Dodgers sale: L.A. leaders hail Magic Johnson ownership
Their reaction mirrored the response from many fans, who broke out their Dodgers blue Wednesday morning -– for the first time in awhile.
Johnson and a group of investors are paying a record $2 billion for the team. Longtime baseball executive Stan Kasten, movie executive Peter Guber and Mark Walter, chief executive officer of a Chicago financial services company, are among the owners in the group.
Roz Wyman, a former councilwoman who in the 1950s helped persuade the Dodgers to come to L.A., said her phone had been ringing persistently since the sale was announced. She said there was a wonderful full-circle aspect to the deal.
"I think the most exciting thought is when you realize that we had the Jackie Robinson phenomenon of breaking the race barrier and at this moment you have an African American with a great following, who's successful and has a warm personality being one of the owners of the Dodgers," Wyman, 81, said. "Magic's a warm figure, he's charitable, he's helped his community grow here in L.A. and he's certainly in my opinion good for baseball."
She said that just like the O'Malleys came from New York and became L.A. icons, so did Magic Johnson, who came from Michigan.
"Magic was a great Michigan ballplayer but his effect, his warm smile and his personality as a Laker is incredible and therefore he has put down strong roots here in L.A. And Magic has gone further than just sports," Wyman said. "He calls this home."
She said no one should feel sorry for Frank McCourt given how much the new owners agreed to pay for the Dodgers.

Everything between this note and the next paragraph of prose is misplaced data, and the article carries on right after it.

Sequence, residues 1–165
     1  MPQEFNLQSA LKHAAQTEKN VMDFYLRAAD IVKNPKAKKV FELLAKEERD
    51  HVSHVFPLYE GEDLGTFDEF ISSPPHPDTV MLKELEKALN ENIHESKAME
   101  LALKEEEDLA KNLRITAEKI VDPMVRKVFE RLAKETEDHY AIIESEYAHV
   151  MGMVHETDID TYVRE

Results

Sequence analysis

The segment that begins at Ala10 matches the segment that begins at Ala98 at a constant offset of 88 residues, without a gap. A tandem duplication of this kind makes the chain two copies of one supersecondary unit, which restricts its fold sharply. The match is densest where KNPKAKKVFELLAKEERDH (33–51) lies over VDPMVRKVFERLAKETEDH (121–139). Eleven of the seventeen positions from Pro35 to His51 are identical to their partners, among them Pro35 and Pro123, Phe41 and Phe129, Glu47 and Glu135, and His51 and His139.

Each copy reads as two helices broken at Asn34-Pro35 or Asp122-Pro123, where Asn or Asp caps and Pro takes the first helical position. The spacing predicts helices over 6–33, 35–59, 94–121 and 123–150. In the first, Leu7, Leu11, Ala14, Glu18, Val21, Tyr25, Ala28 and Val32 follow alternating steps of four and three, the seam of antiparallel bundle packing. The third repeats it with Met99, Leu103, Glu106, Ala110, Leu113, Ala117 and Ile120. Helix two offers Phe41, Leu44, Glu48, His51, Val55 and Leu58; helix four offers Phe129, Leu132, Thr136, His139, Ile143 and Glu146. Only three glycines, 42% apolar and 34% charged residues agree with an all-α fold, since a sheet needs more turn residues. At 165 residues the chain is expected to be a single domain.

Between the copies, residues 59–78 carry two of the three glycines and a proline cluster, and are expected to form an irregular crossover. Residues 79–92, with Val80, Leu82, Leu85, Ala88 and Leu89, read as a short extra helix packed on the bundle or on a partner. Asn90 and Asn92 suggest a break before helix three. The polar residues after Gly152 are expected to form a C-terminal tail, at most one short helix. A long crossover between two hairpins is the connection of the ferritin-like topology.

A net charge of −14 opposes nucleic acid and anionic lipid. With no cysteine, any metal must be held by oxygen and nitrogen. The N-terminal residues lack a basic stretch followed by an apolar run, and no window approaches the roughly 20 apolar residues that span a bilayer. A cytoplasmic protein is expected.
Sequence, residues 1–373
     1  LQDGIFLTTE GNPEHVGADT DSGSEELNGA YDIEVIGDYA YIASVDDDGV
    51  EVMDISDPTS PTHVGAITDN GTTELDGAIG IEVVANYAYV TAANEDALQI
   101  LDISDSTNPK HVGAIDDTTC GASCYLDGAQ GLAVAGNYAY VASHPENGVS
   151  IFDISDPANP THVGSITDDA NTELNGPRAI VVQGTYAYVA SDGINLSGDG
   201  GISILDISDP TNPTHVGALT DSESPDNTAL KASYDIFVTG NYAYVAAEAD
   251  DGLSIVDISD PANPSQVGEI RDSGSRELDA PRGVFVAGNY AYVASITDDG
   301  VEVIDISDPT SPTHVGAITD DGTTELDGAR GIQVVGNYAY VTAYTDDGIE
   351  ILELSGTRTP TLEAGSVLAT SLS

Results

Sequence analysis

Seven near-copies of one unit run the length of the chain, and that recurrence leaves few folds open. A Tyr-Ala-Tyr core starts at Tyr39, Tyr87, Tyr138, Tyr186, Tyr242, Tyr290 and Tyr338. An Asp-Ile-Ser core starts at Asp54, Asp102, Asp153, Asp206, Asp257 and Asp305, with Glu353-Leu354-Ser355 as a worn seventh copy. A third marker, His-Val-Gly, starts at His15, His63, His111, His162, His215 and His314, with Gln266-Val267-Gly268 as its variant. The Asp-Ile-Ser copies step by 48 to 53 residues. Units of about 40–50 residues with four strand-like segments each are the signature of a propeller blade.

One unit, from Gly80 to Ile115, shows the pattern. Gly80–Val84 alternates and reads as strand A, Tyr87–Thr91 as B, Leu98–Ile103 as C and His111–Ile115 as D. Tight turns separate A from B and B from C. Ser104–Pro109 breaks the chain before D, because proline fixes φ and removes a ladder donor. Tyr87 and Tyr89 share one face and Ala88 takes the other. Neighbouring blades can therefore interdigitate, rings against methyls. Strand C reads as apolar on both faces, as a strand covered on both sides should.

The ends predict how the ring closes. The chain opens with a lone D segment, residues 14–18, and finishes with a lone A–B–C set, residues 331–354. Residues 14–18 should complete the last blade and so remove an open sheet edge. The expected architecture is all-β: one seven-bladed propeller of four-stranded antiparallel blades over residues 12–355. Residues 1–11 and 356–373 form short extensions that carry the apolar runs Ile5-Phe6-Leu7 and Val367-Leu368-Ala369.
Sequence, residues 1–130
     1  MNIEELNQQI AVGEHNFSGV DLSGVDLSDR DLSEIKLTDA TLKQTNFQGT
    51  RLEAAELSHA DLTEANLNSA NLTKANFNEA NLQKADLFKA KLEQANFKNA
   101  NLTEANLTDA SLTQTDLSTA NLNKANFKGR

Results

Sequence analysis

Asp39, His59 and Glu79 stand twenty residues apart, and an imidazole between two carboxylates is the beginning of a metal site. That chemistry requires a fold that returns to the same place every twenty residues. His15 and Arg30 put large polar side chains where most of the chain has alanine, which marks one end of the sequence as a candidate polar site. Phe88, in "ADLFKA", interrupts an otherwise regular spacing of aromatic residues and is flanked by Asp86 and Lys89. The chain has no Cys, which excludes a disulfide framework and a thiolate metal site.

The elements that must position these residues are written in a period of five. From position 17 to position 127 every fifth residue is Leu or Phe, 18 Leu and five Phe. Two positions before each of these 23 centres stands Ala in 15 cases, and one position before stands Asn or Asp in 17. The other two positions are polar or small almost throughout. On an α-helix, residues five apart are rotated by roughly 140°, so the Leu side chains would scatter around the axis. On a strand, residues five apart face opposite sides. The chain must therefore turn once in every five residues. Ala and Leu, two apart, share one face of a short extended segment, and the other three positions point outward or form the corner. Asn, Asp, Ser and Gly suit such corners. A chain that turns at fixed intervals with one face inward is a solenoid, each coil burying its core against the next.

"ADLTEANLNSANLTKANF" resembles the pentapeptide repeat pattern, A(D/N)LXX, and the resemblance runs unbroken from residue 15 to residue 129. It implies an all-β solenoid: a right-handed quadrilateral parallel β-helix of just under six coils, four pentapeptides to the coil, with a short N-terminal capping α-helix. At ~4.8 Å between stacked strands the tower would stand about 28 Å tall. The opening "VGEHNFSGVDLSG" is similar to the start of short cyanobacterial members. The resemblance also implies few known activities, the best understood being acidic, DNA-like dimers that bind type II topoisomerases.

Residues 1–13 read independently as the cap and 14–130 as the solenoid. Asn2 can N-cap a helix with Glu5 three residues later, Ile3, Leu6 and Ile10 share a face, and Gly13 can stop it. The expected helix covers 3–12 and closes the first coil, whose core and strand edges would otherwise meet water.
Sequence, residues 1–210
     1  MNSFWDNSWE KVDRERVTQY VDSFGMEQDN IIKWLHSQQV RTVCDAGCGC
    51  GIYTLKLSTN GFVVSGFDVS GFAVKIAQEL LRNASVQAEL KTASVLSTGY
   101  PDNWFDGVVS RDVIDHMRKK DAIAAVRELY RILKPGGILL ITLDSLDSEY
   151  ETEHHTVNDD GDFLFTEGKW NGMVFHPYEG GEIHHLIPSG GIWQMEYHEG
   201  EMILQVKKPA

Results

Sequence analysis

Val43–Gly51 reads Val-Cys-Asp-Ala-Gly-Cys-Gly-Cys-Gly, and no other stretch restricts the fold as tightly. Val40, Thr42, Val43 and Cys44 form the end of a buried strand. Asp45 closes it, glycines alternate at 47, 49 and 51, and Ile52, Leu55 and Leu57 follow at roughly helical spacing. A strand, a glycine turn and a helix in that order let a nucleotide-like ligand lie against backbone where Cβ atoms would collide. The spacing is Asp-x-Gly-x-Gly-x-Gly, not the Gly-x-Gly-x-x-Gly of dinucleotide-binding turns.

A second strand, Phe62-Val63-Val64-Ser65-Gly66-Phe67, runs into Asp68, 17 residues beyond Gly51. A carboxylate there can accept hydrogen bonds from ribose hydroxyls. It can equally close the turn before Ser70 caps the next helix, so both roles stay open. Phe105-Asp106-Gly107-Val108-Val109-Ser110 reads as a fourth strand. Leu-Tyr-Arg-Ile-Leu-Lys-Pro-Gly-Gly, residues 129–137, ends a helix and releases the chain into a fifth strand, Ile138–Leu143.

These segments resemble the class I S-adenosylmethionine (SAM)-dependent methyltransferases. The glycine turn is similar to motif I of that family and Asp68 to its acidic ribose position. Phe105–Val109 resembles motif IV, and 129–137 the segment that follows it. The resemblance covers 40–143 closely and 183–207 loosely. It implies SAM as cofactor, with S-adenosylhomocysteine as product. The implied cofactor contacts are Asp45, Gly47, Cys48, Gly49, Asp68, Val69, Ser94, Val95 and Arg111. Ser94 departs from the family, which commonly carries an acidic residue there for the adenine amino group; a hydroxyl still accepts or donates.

"Mr. McCourt has certainly come out extremely well in the deal," she said. "I wish any ownership of the Dodgers be successful and I would like people to have a warm feeling toward the team, which seems to have been lost in the hassle of last year. But the American dream is to be successful and it looks like Mr. McCourt came out very successful in this sale."
Los Angeles City Councilman Ed Reyes, whose district includes Dodger Stadium, welcomed the news, saying Johnson “brings good memories to L.A.”
“Magic Johnson is a great face for this city. He’s been amazing in his community activism, his community programs. He’s gone places people don’t typically go in terms of investment. He’s made a difference,” he said.
The news was cheered by Councilman Tom LaBonge, who said a $2-billion purchase would mean a lot more pressure on the new owners to develop the stadium site.
"I would have no problem with a football stadium there myself, if it was done appropriately," he said.
Los Angeles City Controller Wendy Greuel, who is a mayoral candidate, also issued a statement celebrating the news.
"What could be more exciting than having one of L.A.'s most iconic sports figures buying one of baseball's most iconic teams?" Greuel said. "With Dodgers' opening day just around the corner, I know this news couldn't come at a better time to raise the spirits of our fans who have been hoping for an owner to put the resources into putting a championship team on the field. I can't wait for Magic to bring 'Showtime' to the Ravine and deliver even more championships for Los Angeles."
Neil Gutierrez, 37, a receptionist at Homeboy Industries and former gang member from the San Fernando Valley, decided to wear his blue and gray Dodgers jacket Wednesday to celebrate Johnson's involvement in the Dodgers sale.
"Everyone's excited about this. Just on the way here I spoke to three or four people about it," Gutierrez said. "That's why I wore this jacket. I hadn't worn it in a month. It was about time."
He said he was a fan of the Dodgers since the 1980s. Gutierrez said he thought the team became more about making money in recent years.
"Fernando, Steve Garvey, Sax. Those are the Dodgers that I remember," Gutierrez said. "Magic's a businessman. He knows L.A. He knows what the fans like. He can't go wrong. He'll give the fans what they want. I'm sure he can bring it."
-- Hector Becerra and David Zahniser
Photo: Aerial view of Dodger Stadium. Credit: Ricardo DeAratanha / Los Angeles Times